You’re hired: Recruitment and retention

Brookside Academy in Somerset is currently one of the top 100 apprentice employers in England. Here we speak to their business manager, SANDRA BARTLETT, to find out about the benefits of the scheme and how apprentices are made to feel valued by school staff

Apprenticeships are a key part of the public sector workforce and, as of January 2017, public sector organisations, including schools, are expected to make good on a government target of employing 200,000 more apprentices by 2020. The Department for Education has released a response to its consultation on apprenticeships setting out a compulsory target of 2.3% for schools in England. The target is based on overall staff numbers meaning, for example, if a school or academy has 1,000 employees, 23 must be apprentices.

Valued members of the team

Running the numbers, Brookside Academy in Somerset has 13 apprentices in a staff of 122 which works out at nine per cent of the workforce – an admirable achievement. The apprentices are all students at nearby Stroud College, typically working towards the award of a vocational diploma; they all receive a salary for the work they do at Brookside.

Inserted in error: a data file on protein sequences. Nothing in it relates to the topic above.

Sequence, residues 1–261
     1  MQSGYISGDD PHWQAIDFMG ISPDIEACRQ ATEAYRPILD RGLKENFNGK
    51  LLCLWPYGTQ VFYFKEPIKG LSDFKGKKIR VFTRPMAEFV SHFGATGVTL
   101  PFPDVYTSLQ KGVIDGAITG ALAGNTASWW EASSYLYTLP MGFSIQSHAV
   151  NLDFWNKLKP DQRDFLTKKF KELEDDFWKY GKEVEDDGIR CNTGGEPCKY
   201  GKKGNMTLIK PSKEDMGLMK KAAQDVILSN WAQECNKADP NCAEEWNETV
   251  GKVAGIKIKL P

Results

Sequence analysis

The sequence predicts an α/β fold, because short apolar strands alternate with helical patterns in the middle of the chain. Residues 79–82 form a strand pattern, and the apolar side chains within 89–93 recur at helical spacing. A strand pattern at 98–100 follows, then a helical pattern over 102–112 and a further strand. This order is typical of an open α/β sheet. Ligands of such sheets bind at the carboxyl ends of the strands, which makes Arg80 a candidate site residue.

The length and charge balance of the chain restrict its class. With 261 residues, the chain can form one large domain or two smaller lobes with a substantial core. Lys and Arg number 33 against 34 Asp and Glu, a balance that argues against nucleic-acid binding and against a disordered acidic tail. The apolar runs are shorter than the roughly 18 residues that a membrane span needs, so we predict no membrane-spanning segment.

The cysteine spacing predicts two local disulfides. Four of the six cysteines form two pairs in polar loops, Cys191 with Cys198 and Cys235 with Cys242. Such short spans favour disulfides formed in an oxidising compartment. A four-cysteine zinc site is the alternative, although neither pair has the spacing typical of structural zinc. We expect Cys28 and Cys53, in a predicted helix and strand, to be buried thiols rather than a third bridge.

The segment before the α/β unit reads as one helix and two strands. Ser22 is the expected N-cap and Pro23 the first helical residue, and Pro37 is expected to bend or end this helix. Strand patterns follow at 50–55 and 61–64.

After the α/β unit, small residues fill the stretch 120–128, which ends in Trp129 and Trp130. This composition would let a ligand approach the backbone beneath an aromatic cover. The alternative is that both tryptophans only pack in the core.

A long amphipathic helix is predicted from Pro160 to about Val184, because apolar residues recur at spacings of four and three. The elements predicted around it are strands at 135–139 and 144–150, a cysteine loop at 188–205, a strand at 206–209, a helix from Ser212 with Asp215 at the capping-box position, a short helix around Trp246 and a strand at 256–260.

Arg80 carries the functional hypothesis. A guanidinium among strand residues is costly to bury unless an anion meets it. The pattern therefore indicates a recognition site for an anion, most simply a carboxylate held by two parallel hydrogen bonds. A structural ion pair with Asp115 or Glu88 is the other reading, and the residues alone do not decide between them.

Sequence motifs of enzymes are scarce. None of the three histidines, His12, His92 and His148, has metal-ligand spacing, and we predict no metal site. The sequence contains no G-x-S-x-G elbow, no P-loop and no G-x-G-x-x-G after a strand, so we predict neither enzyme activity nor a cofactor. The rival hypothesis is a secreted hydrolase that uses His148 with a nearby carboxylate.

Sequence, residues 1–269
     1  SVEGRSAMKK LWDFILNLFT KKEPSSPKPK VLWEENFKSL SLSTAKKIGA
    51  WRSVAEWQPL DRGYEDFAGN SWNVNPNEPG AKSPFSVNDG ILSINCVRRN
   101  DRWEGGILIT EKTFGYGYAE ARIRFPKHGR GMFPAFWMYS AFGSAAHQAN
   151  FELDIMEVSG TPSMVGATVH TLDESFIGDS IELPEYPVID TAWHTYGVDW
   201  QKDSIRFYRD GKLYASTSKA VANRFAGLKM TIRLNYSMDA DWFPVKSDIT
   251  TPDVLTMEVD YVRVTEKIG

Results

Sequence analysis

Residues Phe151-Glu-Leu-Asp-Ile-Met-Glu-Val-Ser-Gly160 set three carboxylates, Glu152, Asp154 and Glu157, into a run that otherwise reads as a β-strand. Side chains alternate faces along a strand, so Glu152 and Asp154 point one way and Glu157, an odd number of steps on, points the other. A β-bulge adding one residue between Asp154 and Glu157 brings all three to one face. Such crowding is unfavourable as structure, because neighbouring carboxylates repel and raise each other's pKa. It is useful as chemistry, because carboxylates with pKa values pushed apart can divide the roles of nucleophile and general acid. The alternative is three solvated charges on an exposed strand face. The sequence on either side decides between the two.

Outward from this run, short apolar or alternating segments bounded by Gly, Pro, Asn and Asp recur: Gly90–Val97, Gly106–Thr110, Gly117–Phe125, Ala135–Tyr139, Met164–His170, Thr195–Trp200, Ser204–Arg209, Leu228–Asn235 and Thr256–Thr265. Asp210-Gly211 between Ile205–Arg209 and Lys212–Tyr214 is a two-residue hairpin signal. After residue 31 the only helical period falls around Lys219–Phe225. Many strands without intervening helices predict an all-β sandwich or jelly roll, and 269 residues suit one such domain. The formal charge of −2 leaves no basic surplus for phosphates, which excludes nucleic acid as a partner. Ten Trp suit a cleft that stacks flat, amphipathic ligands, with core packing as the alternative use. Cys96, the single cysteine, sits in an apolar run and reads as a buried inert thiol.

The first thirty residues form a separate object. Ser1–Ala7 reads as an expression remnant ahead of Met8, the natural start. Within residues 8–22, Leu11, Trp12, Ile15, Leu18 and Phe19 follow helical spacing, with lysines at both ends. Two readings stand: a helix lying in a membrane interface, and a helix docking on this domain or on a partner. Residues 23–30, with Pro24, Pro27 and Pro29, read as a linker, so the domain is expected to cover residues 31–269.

“We first employed apprentices in our nursery in 2009; two secondary school leavers arrived while progressing through a level three childcare course,” Sandra says. “The learners are employed by the Academy and paid the relevant apprenticeship rate for their age. Most apprentices work fulltime – 37 hours a week – and the cost is built into our annual budget process.”

The school benefits from having additional resources to help support pupil development and administrative staff, whilst the apprentices receive valuable mentoring from senior employees and gain a practical insight into educational, business and childcare careers. Evidence of high rates of retention suggest that this approach is an efficient one; those completing the course vastly outnumbering a select few who, in the past, have opted to pursue other career options. How does the school deal with the age-old problem of a new start feeling out of place?

“Making apprentices feel like valued members of our school begins with integration. Part of that process includes being welcomed into staff meetings,” she says. “We foster a teaching and learning environment where our apprentices will learn from, and be supported by, all team members who act as role models throughout the apprentices’ time with us. For example, our current finance apprentice has needed to get to grips with some very specific systems for school human resources.”

This is an abstract of an article that appeared in the May issue of Education Executive. Read more about Brookside Academy’s apprenticeship programme here.

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